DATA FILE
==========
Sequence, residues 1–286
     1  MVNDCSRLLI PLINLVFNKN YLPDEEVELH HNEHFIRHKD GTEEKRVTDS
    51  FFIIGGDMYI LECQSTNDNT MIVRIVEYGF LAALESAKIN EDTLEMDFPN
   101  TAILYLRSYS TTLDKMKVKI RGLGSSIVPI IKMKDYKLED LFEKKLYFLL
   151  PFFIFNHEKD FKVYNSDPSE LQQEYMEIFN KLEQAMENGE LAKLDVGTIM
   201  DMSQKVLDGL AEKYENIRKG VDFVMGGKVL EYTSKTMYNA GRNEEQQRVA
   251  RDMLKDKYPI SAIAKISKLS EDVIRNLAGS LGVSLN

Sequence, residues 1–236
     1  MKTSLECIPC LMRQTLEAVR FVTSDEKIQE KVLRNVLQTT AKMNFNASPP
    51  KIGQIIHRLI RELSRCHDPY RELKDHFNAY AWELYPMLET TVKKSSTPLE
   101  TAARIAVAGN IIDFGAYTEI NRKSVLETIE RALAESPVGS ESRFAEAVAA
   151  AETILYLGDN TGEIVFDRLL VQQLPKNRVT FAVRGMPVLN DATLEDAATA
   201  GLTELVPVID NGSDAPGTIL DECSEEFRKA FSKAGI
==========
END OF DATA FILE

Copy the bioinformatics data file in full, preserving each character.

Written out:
Sequence, residues 1–286
     1  MVNDCSRLLI PLINLVFNKN YLPDEEVELH HNEHFIRHKD GTEEKRVTDS
    51  FFIIGGDMYI LECQSTNDNT MIVRIVEYGF LAALESAKIN EDTLEMDFPN
   101  TAILYLRSYS TTLDKMKVKI RGLGSSIVPI IKMKDYKLED LFEKKLYFLL
   151  PFFIFNHEKD FKVYNSDPSE LQQEYMEIFN KLEQAMENGE LAKLDVGTIM
   201  DMSQKVLDGL AEKYENIRKG VDFVMGGKVL EYTSKTMYNA GRNEEQQRVA
   251  RDMLKDKYPI SAIAKISKLS EDVIRNLAGS LGVSLN

Sequence, residues 1–236
     1  MKTSLECIPC LMRQTLEAVR FVTSDEKIQE KVLRNVLQTT AKMNFNASPP
    51  KIGQIIHRLI RELSRCHDPY RELKDHFNAY AWELYPMLET TVKKSSTPLE
   101  TAARIAVAGN IIDFGAYTEI NRKSVLETIE RALAESPVGS ESRFAEAVAA
   151  AETILYLGDN TGEIVFDRLL VQQLPKNRVT FAVRGMPVLN DATLEDAATA
   201  GLTELVPVID NGSDAPGTIL DECSEEFRKA FSKAGI